Wednesday, 12 December 2018

World's strangest sharks and rays 'on brink of extinction'


By Helen Briggs BBC News
4 December 2018
Some of the world's most unusual sharks and rays are on the brink of extinction because of threats such as commercial fishing, scientists have said.
A shark that uses its tail to stun prey and a ray half the length of a bus are on the list of 50 species.
The scientists say sharks have a bad image and people do not understand how important and threatened they are.
And losing even one of these "living fossils" would wipe out millions of years of evolutionary history.
"The biggest myth around sharks is definitely the perception that they are dangerous, that they are man-eating machines - they're not," marine biologist Fran Cabada told BBC News.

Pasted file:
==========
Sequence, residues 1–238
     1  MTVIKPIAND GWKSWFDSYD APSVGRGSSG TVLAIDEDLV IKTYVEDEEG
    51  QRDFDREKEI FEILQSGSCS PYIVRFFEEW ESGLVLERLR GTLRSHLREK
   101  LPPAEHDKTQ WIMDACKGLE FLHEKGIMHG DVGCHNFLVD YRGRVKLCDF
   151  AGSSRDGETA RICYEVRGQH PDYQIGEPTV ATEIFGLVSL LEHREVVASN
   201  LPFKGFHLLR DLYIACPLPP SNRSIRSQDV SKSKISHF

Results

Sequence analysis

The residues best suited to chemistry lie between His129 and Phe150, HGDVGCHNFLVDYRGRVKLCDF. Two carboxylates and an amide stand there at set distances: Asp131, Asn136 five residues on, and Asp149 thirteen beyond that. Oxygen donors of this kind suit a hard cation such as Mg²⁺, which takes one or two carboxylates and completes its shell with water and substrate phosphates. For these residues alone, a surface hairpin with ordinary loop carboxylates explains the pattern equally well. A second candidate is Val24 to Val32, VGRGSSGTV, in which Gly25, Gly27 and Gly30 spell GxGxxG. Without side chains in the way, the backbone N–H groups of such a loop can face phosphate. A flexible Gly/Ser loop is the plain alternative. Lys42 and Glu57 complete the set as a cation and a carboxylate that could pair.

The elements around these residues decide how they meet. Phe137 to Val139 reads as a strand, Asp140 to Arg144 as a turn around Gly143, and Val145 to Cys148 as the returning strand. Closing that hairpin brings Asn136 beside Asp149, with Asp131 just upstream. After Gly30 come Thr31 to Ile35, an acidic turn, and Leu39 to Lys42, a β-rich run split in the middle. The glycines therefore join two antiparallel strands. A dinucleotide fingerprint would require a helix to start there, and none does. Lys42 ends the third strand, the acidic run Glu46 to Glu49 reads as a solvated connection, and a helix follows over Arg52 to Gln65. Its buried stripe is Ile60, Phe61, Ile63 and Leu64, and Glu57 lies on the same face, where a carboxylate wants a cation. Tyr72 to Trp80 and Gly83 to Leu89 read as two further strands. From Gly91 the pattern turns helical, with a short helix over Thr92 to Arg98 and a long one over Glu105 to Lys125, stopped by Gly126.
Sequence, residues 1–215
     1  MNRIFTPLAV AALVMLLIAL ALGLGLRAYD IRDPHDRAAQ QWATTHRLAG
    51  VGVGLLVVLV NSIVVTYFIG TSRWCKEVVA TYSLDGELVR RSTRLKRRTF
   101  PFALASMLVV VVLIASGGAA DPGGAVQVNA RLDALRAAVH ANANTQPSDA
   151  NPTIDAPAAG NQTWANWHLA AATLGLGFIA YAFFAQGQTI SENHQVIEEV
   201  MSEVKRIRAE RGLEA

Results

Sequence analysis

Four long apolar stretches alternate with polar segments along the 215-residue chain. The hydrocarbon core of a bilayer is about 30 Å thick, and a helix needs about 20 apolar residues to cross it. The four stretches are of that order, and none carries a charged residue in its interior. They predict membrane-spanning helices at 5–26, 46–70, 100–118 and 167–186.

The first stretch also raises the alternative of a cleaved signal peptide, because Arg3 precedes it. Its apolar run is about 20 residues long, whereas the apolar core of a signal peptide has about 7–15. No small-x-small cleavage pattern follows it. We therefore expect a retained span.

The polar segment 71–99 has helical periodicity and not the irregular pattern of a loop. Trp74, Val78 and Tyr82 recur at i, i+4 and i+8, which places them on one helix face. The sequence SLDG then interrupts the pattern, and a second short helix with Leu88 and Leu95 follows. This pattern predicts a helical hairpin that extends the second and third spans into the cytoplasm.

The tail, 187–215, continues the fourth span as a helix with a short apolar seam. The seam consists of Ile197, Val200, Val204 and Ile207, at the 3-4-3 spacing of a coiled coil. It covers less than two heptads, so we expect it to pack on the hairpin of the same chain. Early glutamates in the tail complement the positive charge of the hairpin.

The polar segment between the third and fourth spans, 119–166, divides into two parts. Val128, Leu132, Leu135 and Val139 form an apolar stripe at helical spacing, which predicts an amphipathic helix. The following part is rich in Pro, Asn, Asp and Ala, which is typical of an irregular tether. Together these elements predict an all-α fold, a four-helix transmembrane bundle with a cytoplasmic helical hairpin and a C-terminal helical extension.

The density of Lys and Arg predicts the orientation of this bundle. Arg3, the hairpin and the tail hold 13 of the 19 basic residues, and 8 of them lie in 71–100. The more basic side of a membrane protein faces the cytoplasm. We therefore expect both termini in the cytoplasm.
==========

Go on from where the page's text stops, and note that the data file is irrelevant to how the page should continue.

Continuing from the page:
"There have been some negative interactions recorded but they are very infrequent and they're not intentional."
This is the first time sharks, rays and chimeras (fish with cartilage in place of bones) have been assessed for the Edge (Evolutionarily Distinct and Globally Endangered) of Existence programme.
Most sharks are at the top of the food chain, which makes them crucial to the health of the oceans.
Losing them would have a big impact on other fish populations and, ultimately, human livelihoods.
"They have very few relatives on the tree of life, so they are very unique and losing them will actually represent a big, big loss," said Fran Cabada.

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